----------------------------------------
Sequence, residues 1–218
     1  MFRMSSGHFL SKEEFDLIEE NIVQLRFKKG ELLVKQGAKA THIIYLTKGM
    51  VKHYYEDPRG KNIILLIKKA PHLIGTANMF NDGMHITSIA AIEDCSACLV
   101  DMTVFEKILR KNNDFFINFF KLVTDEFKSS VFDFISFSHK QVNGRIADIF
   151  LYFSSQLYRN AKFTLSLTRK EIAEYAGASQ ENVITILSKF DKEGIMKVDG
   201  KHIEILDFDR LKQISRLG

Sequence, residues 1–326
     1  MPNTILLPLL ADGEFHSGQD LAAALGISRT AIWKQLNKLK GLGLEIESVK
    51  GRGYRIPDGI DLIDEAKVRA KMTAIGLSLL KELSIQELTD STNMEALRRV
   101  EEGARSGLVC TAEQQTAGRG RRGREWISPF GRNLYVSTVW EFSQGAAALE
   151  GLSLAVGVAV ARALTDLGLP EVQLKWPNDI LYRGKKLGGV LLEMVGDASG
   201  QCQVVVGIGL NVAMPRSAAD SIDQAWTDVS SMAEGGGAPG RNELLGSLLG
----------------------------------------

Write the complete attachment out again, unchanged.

Sequence, residues 1–218
     1  MFRMSSGHFL SKEEFDLIEE NIVQLRFKKG ELLVKQGAKA THIIYLTKGM
    51  VKHYYEDPRG KNIILLIKKA PHLIGTANMF NDGMHITSIA AIEDCSACLV
   101  DMTVFEKILR KNNDFFINFF KLVTDEFKSS VFDFISFSHK QVNGRIADIF
   151  LYFSSQLYRN AKFTLSLTRK EIAEYAGASQ ENVITILSKF DKEGIMKVDG
   201  KHIEILDFDR LKQISRLG

Sequence, residues 1–326
     1  MPNTILLPLL ADGEFHSGQD LAAALGISRT AIWKQLNKLK GLGLEIESVK
    51  GRGYRIPDGI DLIDEAKVRA KMTAIGLSLL KELSIQELTD STNMEALRRV
   101  EEGARSGLVC TAEQQTAGRG RRGREWISPF GRNLYVSTVW EFSQGAAALE
   151  GLSLAVGVAV ARALTDLGLP EVQLKWPNDI LYRGKKLGGV LLEMVGDASG
   201  QCQVVVGIGL NVAMPRSAAD SIDQAWTDVS SMAEGGGAPG RNELLGSLLG